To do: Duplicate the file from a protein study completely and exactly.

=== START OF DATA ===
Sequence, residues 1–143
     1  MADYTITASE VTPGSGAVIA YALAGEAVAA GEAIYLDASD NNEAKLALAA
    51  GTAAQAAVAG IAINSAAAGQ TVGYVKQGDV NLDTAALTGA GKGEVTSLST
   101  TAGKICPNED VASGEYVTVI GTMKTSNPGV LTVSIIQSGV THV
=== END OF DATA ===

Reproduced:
Sequence, residues 1–143
     1  MADYTITASE VTPGSGAVIA YALAGEAVAA GEAIYLDASD NNEAKLALAA
    51  GTAAQAAVAG IAINSAAAGQ TVGYVKQGDV NLDTAALTGA GKGEVTSLST
   101  TAGKICPNED VASGEYVTVI GTMKTSNPGV LTVSIIQSGV THV